Transition probabilities and health utilities were obtained from a review of the literature. A sensitivity analysis and Monte Carlo simulation were applied to test outcomes over a wide range of parameters. Using shunt response and complication rates from the literature, the average patient receiving a shunt would gain an additional 1.7 QALYs as a result of automatic shunt insertion. Even if 50% of patients receiving a shunt have complications, the shunt response rate would need to be less than 5% for empirical shunt insertion to do more harm than good. Authors of most studies have reported far better statistics.
In summary, many more patients with suspected NPH should be considered for shunt insertion.
Mark G. Burnett, Seema S. Sonnad and Sherman C. Stein
Many tests have been proposed to help choose candidates for shunt insertion in cases of suspected normal-pressure hydrocephalus (NPH). It is unclear what sensitivity and specificity a prospective test must have to improve outcomes, compared with the results of automatic shunt insertion.
The authors adapted the decision analysis model used in a companion article to allow for application of a screening test. Using the reported sensitivities and specificities of several such tests, they evaluated the effects such tests would have on the expected outcome of an average 65-year-old patient with moderate dementia. They also evaluated the cost-effectiveness of a theoretical screening test with superior sensitivity and specificity.
Although external lumbar drainage comes quite close, none of the screening tests reported to date have sufficient sensitivity and specificity to improve expected outcome in an average candidate, compared with the results of automatic shunt placement in cases of suspected NPH. In addition, even a theoretically improved test would need to be considerably less expensive than prolonged lumbar drainage to be cost-effective in clinical practice.
Mark G. Burnett, Sherman C. Stein and Ronald H. M. A. Bartels
Standard treatment options for patients with lumbar spinal stenosis include nonoperative therapies as well as decompressive laminectomy. The introduction of interspinous decompression devices such as the X-STOP has broadened treatment options, but data comparing these treatment strategies are lacking. The object of this study was to provide a cost-effectiveness analysis of laminectomy, interspinous decompression, and nonoperative treatment for patients with lumbar stenosis.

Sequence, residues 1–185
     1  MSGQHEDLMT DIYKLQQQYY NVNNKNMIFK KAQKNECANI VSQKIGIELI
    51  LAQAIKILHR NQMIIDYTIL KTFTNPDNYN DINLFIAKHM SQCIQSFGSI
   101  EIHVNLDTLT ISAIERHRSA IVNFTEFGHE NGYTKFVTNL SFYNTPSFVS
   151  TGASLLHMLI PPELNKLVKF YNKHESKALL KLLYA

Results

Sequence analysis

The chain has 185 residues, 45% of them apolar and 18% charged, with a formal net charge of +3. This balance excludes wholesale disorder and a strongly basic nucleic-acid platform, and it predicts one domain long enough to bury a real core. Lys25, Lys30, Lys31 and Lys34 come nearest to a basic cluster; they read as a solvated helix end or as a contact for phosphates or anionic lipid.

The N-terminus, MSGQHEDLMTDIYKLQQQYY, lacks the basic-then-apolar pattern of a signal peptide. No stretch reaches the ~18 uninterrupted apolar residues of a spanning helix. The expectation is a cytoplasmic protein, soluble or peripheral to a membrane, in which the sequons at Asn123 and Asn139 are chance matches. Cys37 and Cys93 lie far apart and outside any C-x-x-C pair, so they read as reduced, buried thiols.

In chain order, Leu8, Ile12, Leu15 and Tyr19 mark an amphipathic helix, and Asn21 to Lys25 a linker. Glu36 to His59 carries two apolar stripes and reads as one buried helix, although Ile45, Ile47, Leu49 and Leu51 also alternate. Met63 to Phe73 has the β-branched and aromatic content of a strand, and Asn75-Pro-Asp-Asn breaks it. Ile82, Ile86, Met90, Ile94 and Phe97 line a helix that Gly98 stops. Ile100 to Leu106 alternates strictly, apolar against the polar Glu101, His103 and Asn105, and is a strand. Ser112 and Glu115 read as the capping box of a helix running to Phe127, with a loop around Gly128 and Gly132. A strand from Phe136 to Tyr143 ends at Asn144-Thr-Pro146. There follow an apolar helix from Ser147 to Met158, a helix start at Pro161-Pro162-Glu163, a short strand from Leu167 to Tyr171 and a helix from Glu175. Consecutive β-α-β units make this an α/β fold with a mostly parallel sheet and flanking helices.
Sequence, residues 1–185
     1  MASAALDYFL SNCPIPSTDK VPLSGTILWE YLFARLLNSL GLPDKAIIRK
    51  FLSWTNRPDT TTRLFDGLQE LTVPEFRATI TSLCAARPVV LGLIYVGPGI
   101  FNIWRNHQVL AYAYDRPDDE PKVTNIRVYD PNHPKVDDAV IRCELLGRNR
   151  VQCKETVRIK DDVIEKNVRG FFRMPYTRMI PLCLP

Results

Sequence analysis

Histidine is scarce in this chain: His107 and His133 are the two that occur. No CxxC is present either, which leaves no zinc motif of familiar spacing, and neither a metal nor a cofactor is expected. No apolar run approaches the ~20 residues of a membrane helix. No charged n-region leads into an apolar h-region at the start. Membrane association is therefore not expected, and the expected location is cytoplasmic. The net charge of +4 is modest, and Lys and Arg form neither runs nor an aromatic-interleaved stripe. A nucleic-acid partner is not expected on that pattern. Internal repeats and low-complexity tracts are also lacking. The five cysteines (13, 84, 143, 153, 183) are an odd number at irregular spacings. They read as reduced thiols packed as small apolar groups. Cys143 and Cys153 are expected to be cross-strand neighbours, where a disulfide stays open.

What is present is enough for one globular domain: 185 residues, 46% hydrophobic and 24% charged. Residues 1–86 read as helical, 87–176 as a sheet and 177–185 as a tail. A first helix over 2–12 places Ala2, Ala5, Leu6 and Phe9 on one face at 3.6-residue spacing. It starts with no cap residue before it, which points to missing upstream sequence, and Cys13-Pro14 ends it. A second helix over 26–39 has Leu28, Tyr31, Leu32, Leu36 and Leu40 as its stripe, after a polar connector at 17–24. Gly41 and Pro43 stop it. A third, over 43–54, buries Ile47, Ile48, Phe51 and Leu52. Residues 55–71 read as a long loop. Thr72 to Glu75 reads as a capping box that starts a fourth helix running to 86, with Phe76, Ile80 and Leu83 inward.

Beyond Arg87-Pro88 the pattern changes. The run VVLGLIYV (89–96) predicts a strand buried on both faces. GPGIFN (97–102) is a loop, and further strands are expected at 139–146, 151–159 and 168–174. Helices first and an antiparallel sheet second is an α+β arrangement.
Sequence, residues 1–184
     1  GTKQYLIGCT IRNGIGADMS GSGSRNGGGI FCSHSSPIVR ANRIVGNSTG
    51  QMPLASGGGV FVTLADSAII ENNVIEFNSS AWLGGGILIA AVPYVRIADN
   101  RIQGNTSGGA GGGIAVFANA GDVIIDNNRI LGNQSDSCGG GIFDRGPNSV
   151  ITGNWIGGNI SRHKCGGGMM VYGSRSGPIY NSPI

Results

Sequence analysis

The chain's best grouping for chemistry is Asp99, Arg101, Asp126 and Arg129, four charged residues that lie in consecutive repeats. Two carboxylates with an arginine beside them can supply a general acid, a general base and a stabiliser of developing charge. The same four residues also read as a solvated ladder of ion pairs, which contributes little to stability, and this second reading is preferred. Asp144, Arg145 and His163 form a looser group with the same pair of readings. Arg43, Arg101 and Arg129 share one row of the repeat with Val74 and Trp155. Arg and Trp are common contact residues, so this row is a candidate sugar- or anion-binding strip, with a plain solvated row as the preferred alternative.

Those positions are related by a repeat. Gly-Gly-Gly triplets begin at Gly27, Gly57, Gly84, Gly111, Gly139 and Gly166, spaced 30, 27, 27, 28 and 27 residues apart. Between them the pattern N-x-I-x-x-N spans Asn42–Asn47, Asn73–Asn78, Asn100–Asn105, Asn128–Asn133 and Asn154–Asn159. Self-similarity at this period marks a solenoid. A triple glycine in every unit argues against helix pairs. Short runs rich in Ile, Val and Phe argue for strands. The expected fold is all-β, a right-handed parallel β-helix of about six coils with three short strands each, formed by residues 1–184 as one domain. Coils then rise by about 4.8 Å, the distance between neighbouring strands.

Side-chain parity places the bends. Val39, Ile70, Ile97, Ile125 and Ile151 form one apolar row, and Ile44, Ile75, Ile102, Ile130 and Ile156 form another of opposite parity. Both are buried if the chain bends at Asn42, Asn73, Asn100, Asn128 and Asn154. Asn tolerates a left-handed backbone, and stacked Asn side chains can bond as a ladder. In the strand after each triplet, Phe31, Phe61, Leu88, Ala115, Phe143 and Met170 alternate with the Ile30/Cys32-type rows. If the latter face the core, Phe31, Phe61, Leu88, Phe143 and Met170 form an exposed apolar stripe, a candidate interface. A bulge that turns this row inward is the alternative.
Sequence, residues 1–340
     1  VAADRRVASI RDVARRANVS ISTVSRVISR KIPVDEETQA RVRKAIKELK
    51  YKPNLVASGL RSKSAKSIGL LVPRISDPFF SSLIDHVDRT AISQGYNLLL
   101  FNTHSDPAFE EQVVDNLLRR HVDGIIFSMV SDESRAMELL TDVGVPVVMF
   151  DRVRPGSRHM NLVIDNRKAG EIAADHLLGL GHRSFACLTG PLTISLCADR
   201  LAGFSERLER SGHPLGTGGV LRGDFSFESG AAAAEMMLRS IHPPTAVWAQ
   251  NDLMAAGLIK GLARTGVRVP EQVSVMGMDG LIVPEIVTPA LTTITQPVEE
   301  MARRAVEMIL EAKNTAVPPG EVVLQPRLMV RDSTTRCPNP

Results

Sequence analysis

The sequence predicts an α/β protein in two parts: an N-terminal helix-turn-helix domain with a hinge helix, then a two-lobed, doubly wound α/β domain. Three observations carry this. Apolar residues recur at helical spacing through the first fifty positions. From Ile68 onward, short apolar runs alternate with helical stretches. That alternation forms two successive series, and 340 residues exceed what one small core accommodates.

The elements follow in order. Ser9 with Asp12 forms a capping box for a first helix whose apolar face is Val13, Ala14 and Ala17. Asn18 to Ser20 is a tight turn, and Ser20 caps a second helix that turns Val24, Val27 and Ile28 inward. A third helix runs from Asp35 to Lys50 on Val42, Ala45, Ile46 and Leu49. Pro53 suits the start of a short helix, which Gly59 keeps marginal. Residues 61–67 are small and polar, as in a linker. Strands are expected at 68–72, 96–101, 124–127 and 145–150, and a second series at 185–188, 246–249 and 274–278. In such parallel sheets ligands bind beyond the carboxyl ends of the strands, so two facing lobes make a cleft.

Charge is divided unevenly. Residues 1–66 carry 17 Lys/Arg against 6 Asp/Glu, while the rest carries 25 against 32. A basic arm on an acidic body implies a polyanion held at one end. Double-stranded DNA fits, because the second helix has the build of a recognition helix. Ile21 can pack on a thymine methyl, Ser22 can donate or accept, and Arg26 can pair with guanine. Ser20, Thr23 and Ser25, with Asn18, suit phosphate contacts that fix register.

The authors performed a structured literature review of lumbar stenosis and constructed a cost-effectiveness model. Using conservative treatment, decompressive laminectomy, and placement of X-STOP as the treatment arms, their primary analysis evaluated the optimal treatment strategy for a patient with lumbar stenosis at a 2-year time horizon. Secondary analyses were done to compare cases in which patients required single-level procedures with those in which multilevel procedures were required as well as to examine the outcomes for a 4-year time horizon. Outcomes were calculated using quality-adjusted life years and costs were considered from the perspective of society.
Laminectomy was found to be the most effective treatment strategy, followed by X-STOP and then conservative treatment at a 2-year time horizon. Both surgical procedures were more costly than conservative treatment. Because laminectomy was both more effective and less costly than X-STOP, it is said to dominate overall. When single level procedures were considered alone, laminectomy was more effective but also more costly than X-STOP.
Lumbar laminectomy appears to be the most cost-effective treatment strategy for patients with symptomatic lumbar spinal stenosis.